Friday, June 21, 2013

Playing for Him

To be in the company of esteemed and renowned artists, and with upcoming ones, was no happenstance.  It was planned albeit I was just a mere player in it.

Pianist Katherine Fernandez-Asis occasioned her visit yesterday to the Philippine High School for the Arts for the Alumnayan.  It is a monthly event where alumni share their experiences before current students, parents and faculty.  She and Jay Gomez were classmates there and went to the UP Conservatory together (seen here together playing Claude Bolling's "Baroque and Blue", with self-effacing page turner Rubylee Valente-Gomez).  I had the privilege to listen to her inspiring story of dedication, passion and commitment to excellence.  She is good.

Katherine (center) is surrounded by budding talent.  Behind her are (tall)
PHSA director Vim Nadera, and music instructor and flutist Jay Gomez.
Jay is my flute mentor.  He is good. (Watch him here at TED X Diliman.)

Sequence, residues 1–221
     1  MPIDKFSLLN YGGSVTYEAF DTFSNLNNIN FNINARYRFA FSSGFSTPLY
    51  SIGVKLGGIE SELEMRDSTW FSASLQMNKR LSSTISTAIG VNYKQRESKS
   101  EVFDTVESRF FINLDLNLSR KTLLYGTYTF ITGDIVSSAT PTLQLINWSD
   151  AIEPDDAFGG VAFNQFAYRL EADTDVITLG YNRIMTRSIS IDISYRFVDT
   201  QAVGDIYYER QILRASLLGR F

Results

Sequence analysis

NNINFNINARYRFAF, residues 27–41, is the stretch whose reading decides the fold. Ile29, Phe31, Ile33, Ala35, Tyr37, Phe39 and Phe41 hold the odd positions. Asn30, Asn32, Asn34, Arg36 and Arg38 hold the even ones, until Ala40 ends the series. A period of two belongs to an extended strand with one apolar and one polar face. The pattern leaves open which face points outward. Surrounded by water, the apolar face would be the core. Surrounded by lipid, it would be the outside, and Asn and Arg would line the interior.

The flute in prayer always moves me. It creates a wholesome sensation in the melodic internalization and elevation of self to God.  So I picked up a flute during my posting in Port Moresby for NDI last year.  With me were copies of the flute and guitar ensemble from Vespers 2 "If I Could Touch You" and Vespers 5 "Day is Done".

The last time I was face-to-face with a sheet music was in Grade 2 with my piano teacher -- eons ago!  I needed instruction.

So I had Jay Gomez, the flutist listed on one of the albums, looked up.  Impatient, I asked if we could do classes on Skype.  (Nina Perlove does.)  He refused.  We eventually met up and luckily for me, he accepted to mentor.  I said I will only learn to play prayer and he was all fine with it.

The drive to Los Banos, Laguna, with Mt Makiling first looming from afar, and then slowly enclosing you as if in an embrace as you draw near, is interesting.  Somewhere in the foothills and close to her bossom is the PHSA, a nest and incubator of talent. The school is surrounded with dark green lush vegetation and pure air and serene silence.  We were to have our 12th and last lesson here.

He picked the place where we could play for Him, and I could only marvel in awe and in gratitude.

1 comment:

  1. you are lucky to have such a great mentor and it is always better to learn the flute (or any instrument for that matter) up close and personal with your teacher. there are certain intricacies and nuances of playing that cannot simply be communicated even if you are taught instrument playing through skype. i always had affinity in playing the flute and in my research with regards the flute, in asian/filipino tradition, the breath or hinga is our connection to the divine.